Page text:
Convoluted laws leave cruise-ship victims at sea
By Kluger Kaplan February 21, 2012
More on the Italian cruise ship tragedy. Judging from previous court cases against cruise lines, survivors of the ill-fated Costa Concordia may have a hard time collecting the damages they seek.
Read the full Reuters story in the Calgary Herald here.
Cruise mishaps give victims scant hope of legal redress
By Tom Hals, Andrew Longstreth and Steve Stecklow, Reuters
When Walter Henry Alderfer learned last month about the Costa Concordia shipwreck off Italy, it brought back bad memories.
In April 2007, he, his wife and his daughter were aboard the Sea Diamond cruise ship when it struck a reef off Greece and sank into the Aegean Sea. Screaming passengers fought over life preservers, Alderfer says, and his wife hurt her neck and later needed surgery.
Five years later, the family is still seeking redress – and its experience may be instructive for survivors of the Concordia disaster.
They turned down an offer of compensation by the owner – Cyprus-based Louis Cruises, a unit of Louis PLC – that included a free voyage. They filed a federal lawsuit in New York but settled for $2,500 – less than his wife’s medical expenses and the family’s lost belongings, he says – because the tickets required them to sue in Greece. An additional suit in Greece is still dragging on.
An attorney for Louis Cruises said many passengers were satisfied with the compensation offer, and Louis reached “fair and reasonable” settlements with some U.S. passengers who sought additional awards. She also said the evacuation was swift and orderly.
Most cruises proceed without mishap. But in the rare cases when passengers do suffer serious injury – at least 17 died in the wreck of the Costa Concordia on Jan. 13 – they can face formidable obstacles in recovering significant damages, an examination by Reuters shows.
The cruise business – led by industry giant Carnival Corp. & PLC, whose Italian subsidiary owned and operated the doomed Costa Concordia – has put in place over the years a legal structure that protects operators from big-money lawsuits.
The rules for seeking redress are spelled out in complex, multi-page ticket contracts that passengers may not receive until right before boarding. Victims are often required to file suits in remote jurisdictions. The wording has been the subject of decades of court battles.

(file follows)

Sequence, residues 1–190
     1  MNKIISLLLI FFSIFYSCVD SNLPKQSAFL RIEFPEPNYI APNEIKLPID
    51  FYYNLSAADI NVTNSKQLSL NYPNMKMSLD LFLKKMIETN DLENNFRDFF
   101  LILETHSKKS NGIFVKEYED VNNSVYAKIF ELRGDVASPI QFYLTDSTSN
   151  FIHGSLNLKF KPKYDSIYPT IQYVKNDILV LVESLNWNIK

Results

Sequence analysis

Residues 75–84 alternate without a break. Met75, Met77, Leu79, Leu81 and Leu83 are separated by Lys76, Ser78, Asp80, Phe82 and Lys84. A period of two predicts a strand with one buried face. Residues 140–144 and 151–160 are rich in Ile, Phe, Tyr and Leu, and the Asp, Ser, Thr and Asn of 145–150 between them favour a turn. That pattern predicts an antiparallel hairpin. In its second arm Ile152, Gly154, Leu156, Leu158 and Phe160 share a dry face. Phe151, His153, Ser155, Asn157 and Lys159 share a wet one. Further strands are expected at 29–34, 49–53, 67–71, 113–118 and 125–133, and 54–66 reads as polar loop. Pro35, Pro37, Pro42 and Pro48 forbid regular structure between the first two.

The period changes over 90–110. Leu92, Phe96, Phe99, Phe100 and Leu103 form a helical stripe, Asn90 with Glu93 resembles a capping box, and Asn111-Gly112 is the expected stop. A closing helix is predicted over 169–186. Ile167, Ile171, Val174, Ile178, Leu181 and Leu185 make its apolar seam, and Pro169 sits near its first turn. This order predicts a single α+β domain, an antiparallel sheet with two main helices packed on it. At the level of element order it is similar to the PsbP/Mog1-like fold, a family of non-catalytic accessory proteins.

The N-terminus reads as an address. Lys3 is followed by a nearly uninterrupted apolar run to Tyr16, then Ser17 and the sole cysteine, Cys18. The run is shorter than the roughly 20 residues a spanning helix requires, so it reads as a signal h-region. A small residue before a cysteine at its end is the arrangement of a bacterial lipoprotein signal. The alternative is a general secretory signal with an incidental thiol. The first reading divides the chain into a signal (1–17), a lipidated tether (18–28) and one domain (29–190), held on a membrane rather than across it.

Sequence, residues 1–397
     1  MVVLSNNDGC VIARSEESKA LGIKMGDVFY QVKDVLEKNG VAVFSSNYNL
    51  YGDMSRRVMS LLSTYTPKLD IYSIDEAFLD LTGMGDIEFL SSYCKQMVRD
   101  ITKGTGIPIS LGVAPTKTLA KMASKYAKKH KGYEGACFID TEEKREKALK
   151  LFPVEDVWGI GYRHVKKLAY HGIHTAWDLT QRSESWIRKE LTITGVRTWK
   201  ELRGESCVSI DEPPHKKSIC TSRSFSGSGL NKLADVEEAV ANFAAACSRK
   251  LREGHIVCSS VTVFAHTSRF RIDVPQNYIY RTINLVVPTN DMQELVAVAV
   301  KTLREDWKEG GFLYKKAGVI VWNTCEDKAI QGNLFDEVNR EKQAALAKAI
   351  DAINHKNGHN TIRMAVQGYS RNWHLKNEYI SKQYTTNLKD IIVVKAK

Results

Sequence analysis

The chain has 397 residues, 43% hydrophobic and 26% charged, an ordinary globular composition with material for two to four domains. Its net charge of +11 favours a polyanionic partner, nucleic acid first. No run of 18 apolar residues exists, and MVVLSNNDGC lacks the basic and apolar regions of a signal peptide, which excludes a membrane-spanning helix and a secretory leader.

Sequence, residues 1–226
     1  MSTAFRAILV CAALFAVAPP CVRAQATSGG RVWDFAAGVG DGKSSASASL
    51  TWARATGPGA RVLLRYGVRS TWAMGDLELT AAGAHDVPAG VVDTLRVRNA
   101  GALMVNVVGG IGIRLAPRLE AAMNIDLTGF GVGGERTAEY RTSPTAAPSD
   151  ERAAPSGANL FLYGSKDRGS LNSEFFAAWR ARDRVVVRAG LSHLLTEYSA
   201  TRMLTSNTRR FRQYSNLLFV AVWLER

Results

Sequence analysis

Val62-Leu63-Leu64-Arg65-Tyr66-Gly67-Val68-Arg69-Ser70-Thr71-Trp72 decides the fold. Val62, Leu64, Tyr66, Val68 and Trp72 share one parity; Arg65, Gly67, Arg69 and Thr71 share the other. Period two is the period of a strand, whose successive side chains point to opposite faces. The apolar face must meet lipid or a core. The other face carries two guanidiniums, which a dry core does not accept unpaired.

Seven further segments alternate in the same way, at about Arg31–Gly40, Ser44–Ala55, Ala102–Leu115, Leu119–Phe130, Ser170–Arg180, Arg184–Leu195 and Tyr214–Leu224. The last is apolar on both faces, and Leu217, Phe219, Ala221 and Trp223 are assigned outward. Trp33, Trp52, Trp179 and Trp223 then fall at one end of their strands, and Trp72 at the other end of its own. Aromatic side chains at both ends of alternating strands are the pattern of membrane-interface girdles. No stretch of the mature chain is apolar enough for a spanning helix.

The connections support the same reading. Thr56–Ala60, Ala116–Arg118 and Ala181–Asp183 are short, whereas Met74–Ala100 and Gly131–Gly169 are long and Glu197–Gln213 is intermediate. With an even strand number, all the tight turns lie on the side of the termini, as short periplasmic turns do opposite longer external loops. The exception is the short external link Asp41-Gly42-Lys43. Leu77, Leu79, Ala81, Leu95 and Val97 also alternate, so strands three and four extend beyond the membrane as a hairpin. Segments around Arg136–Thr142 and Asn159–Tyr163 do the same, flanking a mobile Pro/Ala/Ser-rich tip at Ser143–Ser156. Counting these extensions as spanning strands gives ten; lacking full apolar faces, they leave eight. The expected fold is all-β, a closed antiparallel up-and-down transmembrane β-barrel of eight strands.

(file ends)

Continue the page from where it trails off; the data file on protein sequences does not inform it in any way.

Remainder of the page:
Thomas Dickerson, a New York state judge who has written extensively on travel law, says the legal hurdles resulting from the industry’s victories over the years give operators the upper hand in litigation and make the business highly profitable. The industry faces “fewer payouts because of all the roadblocks,” he said.
Cruise industry officials say their contracts streamline the litigation process, prevent frivolous claims and lower cruise costs for passengers.
In the case of the Costa Concordia wreck, the ticket contract stated that “all claims, controversies, disputes, suits and matters of any kind whatsoever … shall be instituted only in the courts of Genoa, Italy.”
Many survivors are now discovering the challenges of the Italian court system.
Italian lawyers rarely accept cases on a contingency basis, so clients may have to pay them up front to take a case. And personal-injury cases can drag on for years, especially if there is a parallel criminal investigation. The Costa Concordia’s captain is under investigation for allegedly abandoning ship. That probe must be completed before evidence will be made available to plaintiff attorneys in civil cases, said Alexander Guttieres, a Rome lawyer who has litigated major personal-injury cases.
“I’ve done cases that took seven years and are not nearly as complicated” as the Costa Concordia case, he said.
Some U.S. plaintiff lawyers are attempting to test the Costa Concordia’s contract terms by bringing action in Florida, home base of Carnival Corp. In one case, 39 survivors are seeking at least $528 million in damages in a lawsuit alleging negligence that was filed in a state circuit court.
Read the rest of the story here.